About fucking time he got it right. “Yes! Give me ten like that!” The noise of slaps blended with the scent of her arousal and his grunts with each smack. He rubbed his erection between her legs, touching her wet lips, pressing them apart. She shook her head and panted. “Not yet.” At last when the stinging crescendo hit the right peak, she shouted, “Now, Sean, now!”

He plunged deep inside her.

Her breath came in ragged bursts. “Harder.”

Sean complied with faster, deeper thrusts. Her thighs banged against the desk with each push. She pulled his hands around to her breasts, and placed them on her rigid nipples. “Pinch me.”

He twisted her nipples and thrust harder. She screamed, Sean groaned, shuddered, and fell against her back and hugged her close to him.

Isabel pushed him away. “Get off me.” She handed him a wad of tissues. “Clean me up, and make it snappy. I have to get home before my husband decides to fuck the nanny.”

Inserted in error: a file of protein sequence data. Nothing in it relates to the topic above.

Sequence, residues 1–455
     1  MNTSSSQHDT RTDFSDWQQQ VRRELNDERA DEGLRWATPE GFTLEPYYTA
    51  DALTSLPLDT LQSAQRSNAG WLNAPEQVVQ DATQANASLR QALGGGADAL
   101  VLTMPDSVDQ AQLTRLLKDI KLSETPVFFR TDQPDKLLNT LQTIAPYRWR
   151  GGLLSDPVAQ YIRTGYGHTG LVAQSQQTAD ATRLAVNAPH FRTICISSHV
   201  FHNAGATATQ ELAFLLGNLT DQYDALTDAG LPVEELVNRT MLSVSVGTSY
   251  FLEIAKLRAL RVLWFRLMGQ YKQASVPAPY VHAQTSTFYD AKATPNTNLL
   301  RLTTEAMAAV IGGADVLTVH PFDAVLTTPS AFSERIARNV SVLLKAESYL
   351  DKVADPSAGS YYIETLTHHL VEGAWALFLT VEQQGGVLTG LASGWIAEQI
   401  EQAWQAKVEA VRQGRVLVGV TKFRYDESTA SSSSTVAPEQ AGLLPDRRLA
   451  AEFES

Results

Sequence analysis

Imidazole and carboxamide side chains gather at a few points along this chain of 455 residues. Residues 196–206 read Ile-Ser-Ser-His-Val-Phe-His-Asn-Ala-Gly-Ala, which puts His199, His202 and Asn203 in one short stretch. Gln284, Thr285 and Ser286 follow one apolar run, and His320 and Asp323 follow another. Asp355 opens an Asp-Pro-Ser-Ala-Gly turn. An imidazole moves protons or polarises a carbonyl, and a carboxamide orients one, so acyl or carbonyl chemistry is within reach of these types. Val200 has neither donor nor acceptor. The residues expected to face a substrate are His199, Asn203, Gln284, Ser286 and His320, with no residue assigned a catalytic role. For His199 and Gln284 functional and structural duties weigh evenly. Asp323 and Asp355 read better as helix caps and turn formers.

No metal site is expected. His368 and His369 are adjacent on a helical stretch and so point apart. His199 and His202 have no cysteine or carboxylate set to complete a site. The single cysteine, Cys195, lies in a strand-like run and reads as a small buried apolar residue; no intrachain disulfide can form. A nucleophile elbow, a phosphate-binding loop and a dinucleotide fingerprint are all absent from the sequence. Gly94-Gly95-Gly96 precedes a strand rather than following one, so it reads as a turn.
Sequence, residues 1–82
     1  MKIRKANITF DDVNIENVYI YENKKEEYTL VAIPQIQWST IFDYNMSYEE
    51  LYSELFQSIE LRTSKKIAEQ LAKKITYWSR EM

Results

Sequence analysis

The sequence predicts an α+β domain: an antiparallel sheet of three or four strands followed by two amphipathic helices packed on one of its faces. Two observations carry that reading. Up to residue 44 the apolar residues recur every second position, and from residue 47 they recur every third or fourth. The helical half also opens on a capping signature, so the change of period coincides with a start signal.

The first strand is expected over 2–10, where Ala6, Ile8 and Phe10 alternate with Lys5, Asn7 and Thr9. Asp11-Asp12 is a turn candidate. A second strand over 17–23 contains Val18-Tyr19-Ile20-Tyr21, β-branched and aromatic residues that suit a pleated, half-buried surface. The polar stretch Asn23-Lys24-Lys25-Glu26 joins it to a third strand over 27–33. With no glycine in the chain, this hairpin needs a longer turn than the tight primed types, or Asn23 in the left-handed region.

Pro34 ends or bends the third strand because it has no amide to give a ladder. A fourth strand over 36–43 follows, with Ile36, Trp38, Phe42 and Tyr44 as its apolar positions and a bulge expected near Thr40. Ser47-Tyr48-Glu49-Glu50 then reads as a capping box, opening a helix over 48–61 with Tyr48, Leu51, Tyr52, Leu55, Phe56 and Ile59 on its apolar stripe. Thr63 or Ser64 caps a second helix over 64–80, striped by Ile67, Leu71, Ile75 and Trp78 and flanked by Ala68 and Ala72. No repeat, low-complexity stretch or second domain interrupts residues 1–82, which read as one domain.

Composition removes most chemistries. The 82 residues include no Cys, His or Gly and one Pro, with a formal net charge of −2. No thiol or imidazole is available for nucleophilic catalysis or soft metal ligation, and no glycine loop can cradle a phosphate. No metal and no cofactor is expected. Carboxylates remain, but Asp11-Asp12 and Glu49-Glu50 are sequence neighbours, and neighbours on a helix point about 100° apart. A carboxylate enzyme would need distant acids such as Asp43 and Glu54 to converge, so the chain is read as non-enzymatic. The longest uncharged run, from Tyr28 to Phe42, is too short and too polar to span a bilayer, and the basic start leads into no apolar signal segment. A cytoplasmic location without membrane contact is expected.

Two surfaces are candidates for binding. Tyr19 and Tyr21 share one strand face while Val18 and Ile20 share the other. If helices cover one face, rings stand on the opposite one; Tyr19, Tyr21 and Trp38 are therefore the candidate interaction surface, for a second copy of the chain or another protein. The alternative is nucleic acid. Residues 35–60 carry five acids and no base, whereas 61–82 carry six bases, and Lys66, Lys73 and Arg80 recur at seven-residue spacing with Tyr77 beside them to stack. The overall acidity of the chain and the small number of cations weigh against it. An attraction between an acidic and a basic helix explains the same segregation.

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We hope you enjoyed our snippets. Now tell us a bit about your preference: Angel or Demon?

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Horrible Warning or Good Example?

Jezebel.

Why is it that this name is often associated with the following epithets: whore, slut, evil, harlot, seductress, scheming, manipulative, and murderess? How many of us have actually read that portion of the Hebrew Bible closely? I hadn’t until recently when I picked up Alice Ogden Bellis’ book, Helpmates, Harlots and Heroes: Women’s Stories in the Hebrew Bible.  Bellis’ book is an eye-opening, feminist review of women’s stories in the Hebrew Bible. The author employs the latest critical thinking in feminist literature while simultaneously reminding the reader of the realities of women’s lives in that era, as well as the fact that men wrote the bible.

Warning: If you are offended by feminist interpretations of biblical tales, don’t read the rest of this post.